The construction of the thin film heads of the present invention can be accomplished by conventional deposition, sputtering or plating processes using the conventional masking techniques. By making the slider 20, comprised of the wafer substrate material 32, of an electrically nonconductive material such as aluminum oxide, the conductive coils 26, 28 can be placed directly against the face of the base 32. If, on the other hand, an aluminum titanium carbide or some other conductive material is used for the wafer substrate, then an insulative layer would first have to be deposited on the substrate, as is well known. A series of spaced strips 50 (FIG. 6) of conductive material is next deposited against the face of the substrate 32 to form the inner layer of the coils 26 and 28, it being noted that coil 26, the conventional read/write coil of the magnetic head, covers one entire leg 22a of the core while the coil 28, which preferably includes only a single turn or a pair of turns, is located as close as possible to the gap 24 on the opposite leg 22b of the core. It will also be seen that the leads 27a, 27b, 29a, 29b extend from the opposite edges of the strips 50 outwardly of the core 22 at opposite sides thereof to provide separate electrical connections to each of the coils. An insulative layer 52 is then deposited upon the strips 50 in that area which the core 22 will overlie so as to electrically insulate the coils.
The magnetic core element 22, comprised of a magnetically soft core material such as permalloy or other thin film metal, is then deposited on the insulative layer 52 so that the inner sides 50 of the coils are exposed at the sides of each of the legs of the core element. A second insulative layer 54 (FIG. 6) is then deposited in two steps upon the face of the core element 22 with a first layer being laid down prior to the deposition of the outer sides of the coils 26, 28. These outer coil strips 56 (FIG. 6) are then deposited on the partially formed insulative layer 54 with the ends thereof being deepened so as to fold the strips 56 over onto the lower strips 50 to form the complete coils 26, 28 about the core 22 using conventional thin film processing techniques as are well understood by those skilled in the art. The final outer layer of insulative material 54 is then deposited to completely enclose and insulate the electrical coils 26, 28 except for the leads 27, 29.
Finally, a layer of a hard substance that can be deposited by standard plating or sputtering methods such as diamond-like carbon (DLC) 61 is deposited atop the core element 22 adjacent to the gap 24. The purpose of this layer is to provide a rigid support for the core 22 during the lapping process particularly in the very narrow throat area thereof so as to prevent deformations and crumbling in the relatively soft core material.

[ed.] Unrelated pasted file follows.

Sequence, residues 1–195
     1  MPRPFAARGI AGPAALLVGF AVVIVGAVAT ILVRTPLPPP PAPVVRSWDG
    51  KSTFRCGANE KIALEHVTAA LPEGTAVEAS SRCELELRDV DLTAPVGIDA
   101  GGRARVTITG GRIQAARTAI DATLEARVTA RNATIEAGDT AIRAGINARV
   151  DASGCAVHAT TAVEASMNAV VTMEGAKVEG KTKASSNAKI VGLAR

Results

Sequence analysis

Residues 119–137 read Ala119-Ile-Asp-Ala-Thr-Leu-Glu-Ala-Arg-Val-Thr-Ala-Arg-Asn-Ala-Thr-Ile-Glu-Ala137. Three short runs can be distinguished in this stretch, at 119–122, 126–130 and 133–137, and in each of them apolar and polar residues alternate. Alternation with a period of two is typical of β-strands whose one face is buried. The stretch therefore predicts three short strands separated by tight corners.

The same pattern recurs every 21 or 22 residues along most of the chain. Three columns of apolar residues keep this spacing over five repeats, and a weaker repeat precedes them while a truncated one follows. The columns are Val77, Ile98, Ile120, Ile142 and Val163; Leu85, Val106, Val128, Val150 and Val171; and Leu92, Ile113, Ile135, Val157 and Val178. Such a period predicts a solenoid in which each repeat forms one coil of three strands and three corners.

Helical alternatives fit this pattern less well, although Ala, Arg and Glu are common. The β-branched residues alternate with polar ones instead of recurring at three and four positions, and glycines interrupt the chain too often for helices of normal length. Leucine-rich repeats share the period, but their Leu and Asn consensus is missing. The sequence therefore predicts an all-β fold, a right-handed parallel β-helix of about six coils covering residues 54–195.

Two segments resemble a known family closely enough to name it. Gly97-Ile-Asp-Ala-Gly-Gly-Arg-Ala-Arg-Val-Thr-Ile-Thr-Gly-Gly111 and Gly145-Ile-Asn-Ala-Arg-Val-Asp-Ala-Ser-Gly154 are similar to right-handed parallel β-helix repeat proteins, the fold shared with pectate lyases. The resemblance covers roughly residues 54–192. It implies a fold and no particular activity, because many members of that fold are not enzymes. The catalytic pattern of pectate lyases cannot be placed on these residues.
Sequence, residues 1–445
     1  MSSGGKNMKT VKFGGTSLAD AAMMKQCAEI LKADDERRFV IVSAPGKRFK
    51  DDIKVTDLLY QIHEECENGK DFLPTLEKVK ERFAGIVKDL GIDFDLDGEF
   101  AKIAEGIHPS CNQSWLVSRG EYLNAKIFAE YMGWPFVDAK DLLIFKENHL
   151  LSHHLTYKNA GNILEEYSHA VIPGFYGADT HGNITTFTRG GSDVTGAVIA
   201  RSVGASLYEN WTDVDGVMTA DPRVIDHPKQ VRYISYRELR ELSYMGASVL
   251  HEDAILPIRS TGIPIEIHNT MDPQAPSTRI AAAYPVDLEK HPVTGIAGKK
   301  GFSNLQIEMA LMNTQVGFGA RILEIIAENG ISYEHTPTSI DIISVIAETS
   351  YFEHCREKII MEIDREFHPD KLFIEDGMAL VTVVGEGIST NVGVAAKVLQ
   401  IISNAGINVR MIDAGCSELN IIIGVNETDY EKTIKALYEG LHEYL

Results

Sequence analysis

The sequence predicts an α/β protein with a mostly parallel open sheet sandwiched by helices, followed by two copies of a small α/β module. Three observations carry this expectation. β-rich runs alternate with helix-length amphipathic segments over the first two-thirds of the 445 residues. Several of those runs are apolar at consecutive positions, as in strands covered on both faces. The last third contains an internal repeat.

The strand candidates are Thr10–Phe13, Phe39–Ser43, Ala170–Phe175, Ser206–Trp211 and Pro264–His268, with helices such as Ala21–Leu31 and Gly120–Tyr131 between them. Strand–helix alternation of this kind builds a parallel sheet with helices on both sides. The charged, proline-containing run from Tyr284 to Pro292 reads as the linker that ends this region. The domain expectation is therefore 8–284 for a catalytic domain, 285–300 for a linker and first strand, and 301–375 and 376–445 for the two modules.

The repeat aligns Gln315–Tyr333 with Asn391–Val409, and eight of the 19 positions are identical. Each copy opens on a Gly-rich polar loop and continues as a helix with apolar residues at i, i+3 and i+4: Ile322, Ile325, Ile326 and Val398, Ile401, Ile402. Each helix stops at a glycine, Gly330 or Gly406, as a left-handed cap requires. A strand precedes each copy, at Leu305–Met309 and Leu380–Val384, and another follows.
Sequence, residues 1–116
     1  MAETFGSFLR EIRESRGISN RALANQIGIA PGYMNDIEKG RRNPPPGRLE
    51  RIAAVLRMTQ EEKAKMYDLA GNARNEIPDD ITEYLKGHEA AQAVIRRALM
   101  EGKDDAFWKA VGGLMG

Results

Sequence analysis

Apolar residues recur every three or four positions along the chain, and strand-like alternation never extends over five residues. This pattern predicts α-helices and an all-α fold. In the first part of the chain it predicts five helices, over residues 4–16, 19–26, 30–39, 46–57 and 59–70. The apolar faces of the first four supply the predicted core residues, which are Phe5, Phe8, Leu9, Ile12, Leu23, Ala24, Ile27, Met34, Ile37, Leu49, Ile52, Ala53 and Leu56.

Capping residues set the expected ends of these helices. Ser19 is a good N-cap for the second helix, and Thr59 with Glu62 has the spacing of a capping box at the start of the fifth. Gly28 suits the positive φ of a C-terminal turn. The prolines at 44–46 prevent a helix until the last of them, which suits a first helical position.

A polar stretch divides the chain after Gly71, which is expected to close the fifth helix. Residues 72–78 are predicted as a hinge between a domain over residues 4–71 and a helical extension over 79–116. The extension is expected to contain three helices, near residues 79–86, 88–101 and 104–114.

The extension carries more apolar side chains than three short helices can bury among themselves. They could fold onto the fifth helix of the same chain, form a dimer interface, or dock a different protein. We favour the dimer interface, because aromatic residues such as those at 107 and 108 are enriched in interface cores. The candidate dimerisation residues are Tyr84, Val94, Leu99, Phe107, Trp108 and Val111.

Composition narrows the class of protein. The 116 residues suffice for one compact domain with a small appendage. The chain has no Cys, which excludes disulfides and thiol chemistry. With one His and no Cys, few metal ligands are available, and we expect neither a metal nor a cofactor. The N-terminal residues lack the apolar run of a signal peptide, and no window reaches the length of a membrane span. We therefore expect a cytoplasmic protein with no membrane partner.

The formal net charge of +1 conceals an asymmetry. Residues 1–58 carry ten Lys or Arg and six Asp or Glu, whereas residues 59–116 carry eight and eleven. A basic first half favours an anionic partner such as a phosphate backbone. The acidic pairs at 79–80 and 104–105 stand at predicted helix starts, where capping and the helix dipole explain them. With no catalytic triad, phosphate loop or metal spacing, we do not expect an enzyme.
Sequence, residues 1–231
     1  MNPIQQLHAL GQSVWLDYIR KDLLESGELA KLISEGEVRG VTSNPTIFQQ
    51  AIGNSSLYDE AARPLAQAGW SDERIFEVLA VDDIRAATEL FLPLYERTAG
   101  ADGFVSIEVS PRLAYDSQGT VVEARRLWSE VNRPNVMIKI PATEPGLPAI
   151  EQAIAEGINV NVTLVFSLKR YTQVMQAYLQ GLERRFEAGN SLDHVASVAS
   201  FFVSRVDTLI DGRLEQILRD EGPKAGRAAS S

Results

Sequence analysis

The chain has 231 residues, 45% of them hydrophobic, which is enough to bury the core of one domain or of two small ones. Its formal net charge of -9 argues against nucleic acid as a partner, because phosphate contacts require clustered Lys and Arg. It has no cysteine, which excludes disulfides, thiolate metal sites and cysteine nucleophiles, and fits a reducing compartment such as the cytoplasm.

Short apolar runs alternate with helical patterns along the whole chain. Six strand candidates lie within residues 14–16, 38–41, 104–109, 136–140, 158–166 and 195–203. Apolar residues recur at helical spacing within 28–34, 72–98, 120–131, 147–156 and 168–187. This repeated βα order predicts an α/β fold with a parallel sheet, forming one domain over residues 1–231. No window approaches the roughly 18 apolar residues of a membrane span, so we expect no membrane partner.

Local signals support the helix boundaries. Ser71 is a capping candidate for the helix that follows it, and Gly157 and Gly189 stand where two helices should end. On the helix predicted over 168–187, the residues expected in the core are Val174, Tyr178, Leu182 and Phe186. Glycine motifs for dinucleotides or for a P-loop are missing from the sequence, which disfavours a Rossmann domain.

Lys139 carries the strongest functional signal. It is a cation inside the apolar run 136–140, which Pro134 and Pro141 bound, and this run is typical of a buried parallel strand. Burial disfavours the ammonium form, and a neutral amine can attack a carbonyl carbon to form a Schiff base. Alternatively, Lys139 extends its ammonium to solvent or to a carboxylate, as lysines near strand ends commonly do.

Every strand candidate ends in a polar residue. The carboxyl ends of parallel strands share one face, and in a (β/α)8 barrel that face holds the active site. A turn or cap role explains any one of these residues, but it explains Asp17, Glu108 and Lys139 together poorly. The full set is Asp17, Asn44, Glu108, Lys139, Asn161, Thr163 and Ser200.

While the core element 22, as disclosed, is comprised of a single monolithic magnetically conductive material, it will be recognized that other composite core element constructions could be used, so long as at least one loop of magnetically conductive material is provided within the core dimensions.
A unique feature of the disclosed core 22 design is illustrated in FIG. 11 of the drawings. In the design of the legs or pole pieces of the core element at the gap two competing design considerations have to be recognized. First, in order to have a stable pole piece and sufficient signal strength at the gap it is desireable that the pole faces 57a, 57b (FIG. 11) in the throat area remain closely spaced and extend vertically for a substantial distance; however, this design presents a problem wherein varying write signal strengths create undesirable shifts in the position of the leading edge of the recorded bit in the underlying recording medium. By making one of the poles at the throat very short, the leading edge of each bit in the recording medium will be more correctly positioned under varying write signal strengths; however, such designs are mechanically unstable and generally lack sufficient signal strength at the gap. The traditional compromise has been to have one of the pole faces extend vertically for only a limited distance (as face 57a in FIG. 11) and then be joined by an inclined face (dashed line 58 in FIG. 11) to a widely spaced face 59 of the pole. In the present case, an improvement has been realized by creating a notch 55 at the upper edge of face 57a at the gap during the deposition process which serves to substantially increase the repeatability of the leading edge of the written bit under varying write signal strengths without unduly changing write field strength at the gap.